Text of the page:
I love that milonga so much.
Emerging after four hours of almost non-stop blissful dancing, you feel like it’s about 2am. But it’s still 8pm, and even allowing the obligatory blog post and time needed for the buzz to wear off, you can still be in bed at a civilised hour …
Speaking of obligatory blog posts, I had this idea to further streamline my blog posts for milongas. There came a point last summer when I decided to cease the tanda-by-tanda descriptions as that felt too voyeuristic. These days, it wouldn’t even be remotely feasible: there are a lot of milongas where I dance almost non-stop.
But while I try to limit myself to notable highlights, the posts still turn out quite long, and take time to write. So I thought maybe I could just summarise my key learning points, and leave it at that.
It appears not. I’m trying to be briefer, but with limited success if this one is anything to go by. When I tried to limit myself to learning points, it felt too bland – and definitely didn’t capture the experience of the event. So here’s my best attempt at brevity …
Learning points …
The ‘circular’ approach to encouraging weight-sharing is so great! It leaves followers with the choice. Once that first weight-transfer has taken place, they can maintain the weight-sharing or nor, but almost all do. That has transformed my experience of dancing with followers who don’t do it automatically!
Vocabulary expansion plan: My ocho cortados work with most followers but not all. I think it’s mostly an issue with fellow beginners who aren’t necessarily familiar with it, but I also think I need to make the ‘cut’ very clear. The cross just works. Still feels weird to me, but works, and followers like it. The pivoting planeo works, but could still benefit from more oomph. Contra-giro from the back ocho still needs work, but is coming along. Same with the left-side sanguchito.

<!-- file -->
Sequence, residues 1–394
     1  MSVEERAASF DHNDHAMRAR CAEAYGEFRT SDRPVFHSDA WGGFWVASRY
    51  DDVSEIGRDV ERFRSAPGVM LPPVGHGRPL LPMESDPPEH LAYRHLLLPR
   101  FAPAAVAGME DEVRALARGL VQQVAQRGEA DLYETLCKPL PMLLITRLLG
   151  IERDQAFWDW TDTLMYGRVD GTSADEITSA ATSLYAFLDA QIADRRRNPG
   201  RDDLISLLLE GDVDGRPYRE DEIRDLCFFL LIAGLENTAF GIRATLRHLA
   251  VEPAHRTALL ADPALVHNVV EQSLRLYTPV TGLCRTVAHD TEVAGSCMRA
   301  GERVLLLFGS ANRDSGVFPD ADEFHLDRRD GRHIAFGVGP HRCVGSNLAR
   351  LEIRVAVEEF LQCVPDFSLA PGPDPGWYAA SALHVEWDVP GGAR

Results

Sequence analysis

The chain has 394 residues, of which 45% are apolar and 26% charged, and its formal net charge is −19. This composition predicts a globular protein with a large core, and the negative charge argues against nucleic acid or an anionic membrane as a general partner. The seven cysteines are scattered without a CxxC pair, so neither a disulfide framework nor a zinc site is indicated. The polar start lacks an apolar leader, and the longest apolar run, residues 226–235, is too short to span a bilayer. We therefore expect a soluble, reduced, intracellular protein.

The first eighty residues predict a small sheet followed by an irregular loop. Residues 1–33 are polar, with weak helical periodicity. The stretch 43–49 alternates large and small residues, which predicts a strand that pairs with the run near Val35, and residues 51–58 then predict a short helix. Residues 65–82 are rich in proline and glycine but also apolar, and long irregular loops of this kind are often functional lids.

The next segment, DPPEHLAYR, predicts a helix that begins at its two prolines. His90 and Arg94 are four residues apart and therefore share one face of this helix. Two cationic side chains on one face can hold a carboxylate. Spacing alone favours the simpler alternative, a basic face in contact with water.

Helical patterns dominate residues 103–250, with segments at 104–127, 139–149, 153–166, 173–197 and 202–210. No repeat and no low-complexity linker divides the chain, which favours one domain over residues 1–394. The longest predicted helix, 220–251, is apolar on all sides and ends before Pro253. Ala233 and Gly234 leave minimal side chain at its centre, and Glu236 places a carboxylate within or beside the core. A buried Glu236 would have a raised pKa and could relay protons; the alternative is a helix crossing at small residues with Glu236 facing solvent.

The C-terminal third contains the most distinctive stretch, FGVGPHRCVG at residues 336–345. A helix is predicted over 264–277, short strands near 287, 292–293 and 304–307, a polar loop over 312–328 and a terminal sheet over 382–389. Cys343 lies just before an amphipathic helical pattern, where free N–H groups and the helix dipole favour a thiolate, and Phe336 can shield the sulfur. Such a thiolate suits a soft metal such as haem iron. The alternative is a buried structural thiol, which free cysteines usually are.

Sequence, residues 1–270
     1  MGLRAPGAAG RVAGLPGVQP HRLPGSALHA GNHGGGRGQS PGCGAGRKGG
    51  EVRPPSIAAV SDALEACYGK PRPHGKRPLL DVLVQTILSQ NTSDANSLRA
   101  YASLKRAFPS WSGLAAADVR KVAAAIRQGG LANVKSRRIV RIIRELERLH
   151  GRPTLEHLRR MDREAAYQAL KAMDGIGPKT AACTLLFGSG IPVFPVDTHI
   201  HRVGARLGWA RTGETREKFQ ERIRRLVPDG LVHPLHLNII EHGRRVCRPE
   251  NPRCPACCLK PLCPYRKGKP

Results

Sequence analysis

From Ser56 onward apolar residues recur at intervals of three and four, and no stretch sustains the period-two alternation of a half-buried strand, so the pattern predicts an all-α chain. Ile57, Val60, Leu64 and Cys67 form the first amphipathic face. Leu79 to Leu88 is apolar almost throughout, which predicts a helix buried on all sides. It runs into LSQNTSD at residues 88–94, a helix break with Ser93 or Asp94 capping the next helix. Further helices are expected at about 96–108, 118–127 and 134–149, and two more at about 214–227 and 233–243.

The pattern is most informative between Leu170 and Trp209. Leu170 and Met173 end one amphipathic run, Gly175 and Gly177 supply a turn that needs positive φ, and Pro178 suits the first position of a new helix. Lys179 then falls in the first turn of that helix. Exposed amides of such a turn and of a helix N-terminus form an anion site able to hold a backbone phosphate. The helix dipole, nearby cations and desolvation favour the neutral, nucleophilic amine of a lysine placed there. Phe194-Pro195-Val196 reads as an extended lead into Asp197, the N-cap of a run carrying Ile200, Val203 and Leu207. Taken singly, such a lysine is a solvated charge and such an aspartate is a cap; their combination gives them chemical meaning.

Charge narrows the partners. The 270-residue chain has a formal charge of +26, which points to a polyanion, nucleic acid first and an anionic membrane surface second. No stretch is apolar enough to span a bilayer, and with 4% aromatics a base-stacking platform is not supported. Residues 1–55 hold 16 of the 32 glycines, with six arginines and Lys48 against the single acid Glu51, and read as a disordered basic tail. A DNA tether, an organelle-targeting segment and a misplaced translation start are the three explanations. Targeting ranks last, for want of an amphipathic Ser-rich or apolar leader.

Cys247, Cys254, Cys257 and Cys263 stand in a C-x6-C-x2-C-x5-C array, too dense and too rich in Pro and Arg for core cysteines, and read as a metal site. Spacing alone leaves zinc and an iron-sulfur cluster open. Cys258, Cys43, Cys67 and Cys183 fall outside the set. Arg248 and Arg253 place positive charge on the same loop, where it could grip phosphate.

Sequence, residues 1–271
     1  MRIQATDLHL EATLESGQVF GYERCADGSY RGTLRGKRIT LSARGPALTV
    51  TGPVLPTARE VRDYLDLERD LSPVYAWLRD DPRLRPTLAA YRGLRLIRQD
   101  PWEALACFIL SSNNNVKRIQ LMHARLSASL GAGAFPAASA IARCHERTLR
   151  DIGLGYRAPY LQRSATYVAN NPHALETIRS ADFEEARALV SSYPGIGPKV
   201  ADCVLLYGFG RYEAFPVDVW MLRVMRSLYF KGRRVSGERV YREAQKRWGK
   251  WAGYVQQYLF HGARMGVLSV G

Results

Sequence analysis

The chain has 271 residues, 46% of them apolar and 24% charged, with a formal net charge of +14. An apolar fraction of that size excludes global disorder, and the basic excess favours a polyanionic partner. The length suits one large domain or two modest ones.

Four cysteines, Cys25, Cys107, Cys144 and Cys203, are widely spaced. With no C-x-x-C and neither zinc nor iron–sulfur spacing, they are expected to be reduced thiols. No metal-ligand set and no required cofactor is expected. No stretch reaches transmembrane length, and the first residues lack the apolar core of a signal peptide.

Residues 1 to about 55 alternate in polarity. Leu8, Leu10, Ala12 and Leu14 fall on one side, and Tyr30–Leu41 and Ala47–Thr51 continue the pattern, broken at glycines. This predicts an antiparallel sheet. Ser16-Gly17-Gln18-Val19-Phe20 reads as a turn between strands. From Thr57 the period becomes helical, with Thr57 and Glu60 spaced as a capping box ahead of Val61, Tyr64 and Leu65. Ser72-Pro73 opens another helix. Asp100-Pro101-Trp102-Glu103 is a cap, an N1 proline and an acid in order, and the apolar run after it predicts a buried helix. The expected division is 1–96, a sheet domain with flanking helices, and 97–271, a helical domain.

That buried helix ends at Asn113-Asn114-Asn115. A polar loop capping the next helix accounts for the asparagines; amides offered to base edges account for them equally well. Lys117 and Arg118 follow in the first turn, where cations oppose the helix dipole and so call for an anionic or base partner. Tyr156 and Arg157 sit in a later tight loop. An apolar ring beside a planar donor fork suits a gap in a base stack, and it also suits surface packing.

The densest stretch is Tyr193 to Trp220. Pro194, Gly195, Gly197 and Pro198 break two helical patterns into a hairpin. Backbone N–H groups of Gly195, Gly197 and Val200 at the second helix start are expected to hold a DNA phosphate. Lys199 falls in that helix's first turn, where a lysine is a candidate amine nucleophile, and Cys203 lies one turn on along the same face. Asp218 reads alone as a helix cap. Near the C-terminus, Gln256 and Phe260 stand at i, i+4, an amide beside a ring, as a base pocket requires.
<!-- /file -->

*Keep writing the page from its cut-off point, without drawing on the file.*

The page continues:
I now forget to use the barrida. I mean, that’s not a problem, but I do like it, and followers seem to also, so it’s something to remember to throw into the mix.
Other things that stood out …
There’s no bigger compliment to me than someone saying their friend told them they had to get a dance with me. I had that twice tonight.
One very experienced follower told me she could feel the improvement in my dance over last time, a few weeks ago. After a slow tango, we danced a fast one, and she encouraged me to take more chances. It ended up an extremely messy, freeform dance, but it was a lot of fun!
I had a first-time dance with another clearly very experienced follower. She started doing these little double-time ‘wiggles,’ and I caught onto them and managed to do them with her. She then added in another, and I did my best to match that too. The more I tried to follow her, the more she threw in. It too got very messy, but I enjoyed it a lot.
There’s one follower I didn’t used to connect with, but now really do. More evidence that, at this early stage in tango, it’s always worth giving partners another chance from time to time.
I often take comfort in the ‘everyone’s a beginner for the first two years’ saying, and a follower tonight said one of her teachers had said to her – only half-jokingly, she thought – that the first seven years are the most difficult …
Plus all the usual wonderful dances with all the usual wonderful followers! (Well, bar one who has injured her leg so is sensibly waiting for it to heal before dancing again – she somehow manages to come to Terra to watch and listen to the music without bursting into tears about being unable to dance.)
Was that more streamlined? Hmm. Well, like my tango, I’m trying.